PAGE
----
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The U.S. Government is Now the World’s Largest Financial Institution. What Are the Risks?

Program Integrity Fellow Doug Criscitello reports on the growing federal lending role and the need for careful design, management, and budgeting.

The world’s largest financial institution – the U.S. government – has become even larger by expanding its role as a lender to homeowners, businesses, and students amid the economic turbulence arising from the 2008 financial crisis and Covid-19 pandemic. That expansion, enabled by rare bipartisan consensus, underscores the need for careful design, management, and budgeting for federal loan programs. Failure to do so could result in unintended and unwelcome consequences for borrowers and taxpayers alike.

Federal lending is nothing new – think New Deal-era lending to homeowners and businesses and Great Society-inspired expansion of student loan programs – but its recent growth has been remarkable with an outstanding loan portfolio now totaling $5 trillion. The government continues to operate well over 100 programs across a disparate jumble of agencies. Adding to that mix is a slate of new programs now being established to address climate change, infrastructure modernization, and other national priorities.

Loan programs have become a preferred funding mechanism due to an inherent advantage: most are repaid, partially or in full, resulting in significantly lower costs than grants or tax breaks. Budgeting procedures further favor loans by understating certain risks, often allowing them to be made at no upfront cost. The President’s most recent budget shows 75 percent of loan guaranty programs are forecast to have no cost in 2024.


number of loan guaranty programs forecasted to have no cost in 2024

It isn’t hard to see how credit programs have arrived as a preferred form of assistance: they travel along a path of least budgetary – and accompanying political – resistance.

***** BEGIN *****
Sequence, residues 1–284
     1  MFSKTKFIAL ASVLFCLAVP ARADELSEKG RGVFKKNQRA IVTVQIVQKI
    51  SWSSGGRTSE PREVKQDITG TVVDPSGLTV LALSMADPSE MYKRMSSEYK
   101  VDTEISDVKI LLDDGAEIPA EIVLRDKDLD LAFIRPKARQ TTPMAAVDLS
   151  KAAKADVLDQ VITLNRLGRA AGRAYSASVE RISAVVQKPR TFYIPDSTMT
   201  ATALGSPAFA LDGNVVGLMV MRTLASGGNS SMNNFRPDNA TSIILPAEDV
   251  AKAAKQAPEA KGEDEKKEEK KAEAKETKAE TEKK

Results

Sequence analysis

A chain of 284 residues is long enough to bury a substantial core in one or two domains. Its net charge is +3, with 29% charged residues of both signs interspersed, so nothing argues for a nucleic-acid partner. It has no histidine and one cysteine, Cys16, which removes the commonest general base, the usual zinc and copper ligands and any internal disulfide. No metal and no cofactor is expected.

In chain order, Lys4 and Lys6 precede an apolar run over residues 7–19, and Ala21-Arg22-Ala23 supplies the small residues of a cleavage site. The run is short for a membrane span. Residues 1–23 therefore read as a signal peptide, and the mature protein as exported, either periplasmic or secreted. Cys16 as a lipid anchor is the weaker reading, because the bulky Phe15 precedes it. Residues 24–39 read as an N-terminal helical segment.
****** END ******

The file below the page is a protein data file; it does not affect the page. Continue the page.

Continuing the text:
Government lending, however, can be subject to volatile and unpredictable outcomes. This is evident in the cases of two major programs: Federal Housing Administration (FHA) guaranties and student loans. Prior to the financial crisis, FHA’s single-family loan programs were viewed as profit centers, but the crisis revealed their vulnerability when a surge in defaults and delinquencies cost taxpayers billions. Making matters worse, billions in illusory savings were transferred and spent on other programs in the lead-up to the crisis.

Similarly, a 2022 report from the Government Accountability Office shows projections for direct student loans made over the previous 25 years reversed from more than $100 billion in savings to nearly $200 billion in costs. That $300 billion swing highlights the uncertainty inherent in lending, particularly when unforeseen circumstances arise, like a pandemic-driven payment pause and a wide-ranging (but now scaled-back) loan forgiveness initiative.

It is critically important the procedures used to forecast costs are sound. Presently, costs are understated by a failure to reflect certain market risks. The Congressional Budget Office has raised this point, suggesting the net impact of federal lending results in costs, not savings, when accounting for such risks.

Nevertheless, an opportunity to lend for results exists with well-designed and delivered loan programs having clear potential to achieve policy results in a cost-effective way. The design and, at times, reform of loan programs must carefully consider intended outcomes and potential risks involved and include plans for continual assessments of program impact.

Effective delivery mechanisms entail establishing robust administrative frameworks, leveraging technological advancements, and adopting best practices in people and program management. Innovations like shared services across lending agencies or establishing a single credit entity could streamline operations and enhance efficiency, enabling better service to borrowers while optimizing the allocation of resources.

After loans are made, federal credit agencies must continually monitor and evaluate their loan programs for effectiveness. The use of technology and data-driven approaches facilitates rigorous and evidence-based assessments of impact to allow policymakers to make informed decisions, identify areas for improvement, and adjust strategies as needed.

The government’s loan portfolio continues to grow and become more complex. While lending can be a powerful tool for driving positive change, policy pursuits must be accompanied with sound budgeting and management practices – areas continuing to need attention. With far-reaching impacts on the economy, the federal balance sheet, and borrowers and lenders, there is a compelling need to think and act smartly about how best to design and deliver these programs and assess whether the benefits of a program, or even an individual loan, are ultimately worth the investment.